In Peninsula Business Services Ltd v Donaldson the Employment Appeal Tribunal (EAT) considered whether it was discriminatory for an employer to suspend the provision of childcare vouchers during maternity leave. Elizabeth Walker reports.
Ms Donaldson was employed by Peninsula and wished to join its childcare voucher scheme, which was operated by way of salary sacrifice. However, Peninsula made it a condition of entry that the provision of the vouchers would be suspended when the employee was on maternity leave. She was pregnant at the time and believed that the condition was discriminatory and refused to join.
She brought claims alleging the imposition of the condition meant Peninsula had treated her less favourably and/or subjected her to a detriment for asserting a right to maternity leave and had indirectly discriminated against her on the grounds of sex. This was on the basis that the employer was in breach of Regulation 9 of the Maternity and Parental Leave Regulations 1999, which provides that, during maternity leave, an employee is entitled to the benefit of all their terms and conditions of employment except remuneration.
She argued that the childcare vouchers should be continued as they were a non-cash benefit and not remuneration. HMRC guidance specifically states that these vouchers are non-cash benefits rather than remuneration even if provided by salary sacrifice. The tribunal upheld her claim. Peninsula appealed.
The EAT upheld the appeal. It considered that the vouchers provided by way of salary sacrifice should be regarded as remuneration for the purposes of Regulation 9, as it was effectively a diversion of salary with the money earned being redirected to buy the vouchers.
The EAT did not think tax legislation was determinative and also that HMRC guidance was incorrect. It considered that, otherwise, continuing vouchers could leave a windfall benefit to employees and a cost to employers because, while employees are on SMP, there is no salary to divert to pay for the vouchers.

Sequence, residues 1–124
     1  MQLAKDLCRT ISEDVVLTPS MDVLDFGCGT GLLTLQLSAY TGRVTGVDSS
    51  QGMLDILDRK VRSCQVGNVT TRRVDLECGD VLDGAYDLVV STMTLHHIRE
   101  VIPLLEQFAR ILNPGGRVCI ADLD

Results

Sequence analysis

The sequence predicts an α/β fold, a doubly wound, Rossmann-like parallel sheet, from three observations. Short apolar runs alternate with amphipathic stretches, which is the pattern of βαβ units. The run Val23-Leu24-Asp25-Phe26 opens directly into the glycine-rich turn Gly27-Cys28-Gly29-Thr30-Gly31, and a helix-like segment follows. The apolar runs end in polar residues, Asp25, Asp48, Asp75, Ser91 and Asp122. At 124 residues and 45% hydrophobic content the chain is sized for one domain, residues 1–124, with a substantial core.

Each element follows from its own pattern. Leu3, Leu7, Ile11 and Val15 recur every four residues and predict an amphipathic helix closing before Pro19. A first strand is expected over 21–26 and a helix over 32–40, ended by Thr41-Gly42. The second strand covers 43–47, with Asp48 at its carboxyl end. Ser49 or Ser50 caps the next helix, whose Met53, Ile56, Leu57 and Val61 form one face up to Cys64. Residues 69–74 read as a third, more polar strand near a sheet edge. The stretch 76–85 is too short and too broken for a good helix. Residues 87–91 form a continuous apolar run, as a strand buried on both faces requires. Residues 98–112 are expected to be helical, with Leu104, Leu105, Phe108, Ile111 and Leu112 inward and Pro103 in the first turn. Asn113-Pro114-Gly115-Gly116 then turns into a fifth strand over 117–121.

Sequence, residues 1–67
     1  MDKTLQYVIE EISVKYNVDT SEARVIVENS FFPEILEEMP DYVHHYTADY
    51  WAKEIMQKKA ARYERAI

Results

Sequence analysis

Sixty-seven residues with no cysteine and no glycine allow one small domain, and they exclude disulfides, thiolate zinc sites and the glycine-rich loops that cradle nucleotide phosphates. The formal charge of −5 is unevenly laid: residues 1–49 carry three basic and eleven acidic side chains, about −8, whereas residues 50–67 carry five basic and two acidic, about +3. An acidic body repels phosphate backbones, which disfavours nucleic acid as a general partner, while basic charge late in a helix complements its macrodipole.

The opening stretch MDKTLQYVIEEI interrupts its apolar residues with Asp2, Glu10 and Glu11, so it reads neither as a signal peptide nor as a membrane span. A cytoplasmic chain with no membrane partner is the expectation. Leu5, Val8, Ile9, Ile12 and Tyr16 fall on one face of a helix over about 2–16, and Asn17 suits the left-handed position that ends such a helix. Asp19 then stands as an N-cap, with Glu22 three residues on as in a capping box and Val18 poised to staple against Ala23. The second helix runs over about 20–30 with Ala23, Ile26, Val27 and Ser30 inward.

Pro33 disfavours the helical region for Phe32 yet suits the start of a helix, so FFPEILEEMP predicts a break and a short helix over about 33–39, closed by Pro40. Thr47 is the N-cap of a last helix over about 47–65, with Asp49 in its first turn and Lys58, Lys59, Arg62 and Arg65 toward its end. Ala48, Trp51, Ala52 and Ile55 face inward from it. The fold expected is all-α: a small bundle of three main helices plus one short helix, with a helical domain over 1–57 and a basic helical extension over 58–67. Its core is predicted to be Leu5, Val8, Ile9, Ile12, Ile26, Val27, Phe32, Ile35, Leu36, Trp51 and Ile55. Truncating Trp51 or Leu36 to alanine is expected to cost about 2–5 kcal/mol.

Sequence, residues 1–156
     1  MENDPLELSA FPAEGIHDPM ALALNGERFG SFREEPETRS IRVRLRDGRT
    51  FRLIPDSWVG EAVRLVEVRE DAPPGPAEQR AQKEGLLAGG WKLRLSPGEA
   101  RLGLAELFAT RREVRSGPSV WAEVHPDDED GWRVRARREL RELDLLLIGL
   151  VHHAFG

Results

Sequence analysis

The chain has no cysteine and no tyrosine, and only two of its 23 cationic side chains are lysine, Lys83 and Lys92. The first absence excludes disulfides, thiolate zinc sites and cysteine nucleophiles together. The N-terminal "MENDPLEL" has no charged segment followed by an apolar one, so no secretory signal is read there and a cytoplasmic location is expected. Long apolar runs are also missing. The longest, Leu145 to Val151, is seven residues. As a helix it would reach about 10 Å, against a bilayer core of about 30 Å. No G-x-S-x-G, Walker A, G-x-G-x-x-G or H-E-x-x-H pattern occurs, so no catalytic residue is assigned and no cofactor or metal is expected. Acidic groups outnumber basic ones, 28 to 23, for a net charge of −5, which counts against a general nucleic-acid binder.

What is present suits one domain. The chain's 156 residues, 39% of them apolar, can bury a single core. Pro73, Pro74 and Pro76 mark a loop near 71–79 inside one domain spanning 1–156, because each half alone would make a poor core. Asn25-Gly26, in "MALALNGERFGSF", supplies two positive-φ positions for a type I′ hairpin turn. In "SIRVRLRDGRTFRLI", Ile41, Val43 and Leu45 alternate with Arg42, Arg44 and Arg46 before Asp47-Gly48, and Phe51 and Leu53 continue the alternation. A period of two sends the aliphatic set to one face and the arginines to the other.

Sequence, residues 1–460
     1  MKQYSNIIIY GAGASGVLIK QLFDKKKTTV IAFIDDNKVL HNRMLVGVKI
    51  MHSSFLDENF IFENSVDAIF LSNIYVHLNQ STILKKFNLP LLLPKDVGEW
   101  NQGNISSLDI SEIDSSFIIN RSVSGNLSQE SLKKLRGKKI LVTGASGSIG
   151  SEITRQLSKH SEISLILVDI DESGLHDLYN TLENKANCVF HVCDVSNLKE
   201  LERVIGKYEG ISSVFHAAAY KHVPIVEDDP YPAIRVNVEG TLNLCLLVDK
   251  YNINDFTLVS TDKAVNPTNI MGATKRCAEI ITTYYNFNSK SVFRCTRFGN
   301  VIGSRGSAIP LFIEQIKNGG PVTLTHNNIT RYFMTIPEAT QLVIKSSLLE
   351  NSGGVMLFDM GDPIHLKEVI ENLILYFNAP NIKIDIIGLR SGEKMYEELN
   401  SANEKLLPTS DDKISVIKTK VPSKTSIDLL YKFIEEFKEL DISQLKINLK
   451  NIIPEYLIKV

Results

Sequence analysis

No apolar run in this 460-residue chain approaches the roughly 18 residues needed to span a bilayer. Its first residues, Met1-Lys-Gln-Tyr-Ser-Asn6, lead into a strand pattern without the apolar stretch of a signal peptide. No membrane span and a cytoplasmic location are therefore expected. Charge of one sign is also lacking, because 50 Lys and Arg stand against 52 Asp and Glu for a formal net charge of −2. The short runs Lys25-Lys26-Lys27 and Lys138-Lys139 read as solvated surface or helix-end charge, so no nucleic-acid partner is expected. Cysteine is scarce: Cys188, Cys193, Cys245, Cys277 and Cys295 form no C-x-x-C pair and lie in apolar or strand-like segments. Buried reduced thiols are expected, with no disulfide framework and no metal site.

This might ultimately discourage employers from offering the scheme and could not be what Parliament intended, as the purpose behind the scheme was to enable more women with children to remain or return to the workplace. They found that entry to the scheme was voluntary, there was no contractual entitlement to the vouchers and that the failure to provide them was not in breach of Regulation 9.
Employers should be aware that this decision only applies to childcare vouchers provided by way of salary sacrifice and not where they are an additional benefit on top of salary in which case they should be continued during maternity leave. In addition, employers considering withdrawing the vouchers during maternity leave following this decision should seek advice before doing so in case there is an express or implied contractual entitlement to them.
The EAT acknowledged that it did not feel completely comfortable with its decision on this difficult issue, advising future litigants to treat it with caution as it was concerned that it may not have considered all the applicable legislation. This is possibly because the claimant was not represented and, therefore, the arguments on discrimination were not as fully explored as they might have been. It is not known whether there will be an appeal.
The Government announced in the March 2016 budget that these voucher schemes will be closed to new entrants from April 2018. Its new tax-free childcare scheme will be launched in early 2017.
Last reviewed 18 May 2016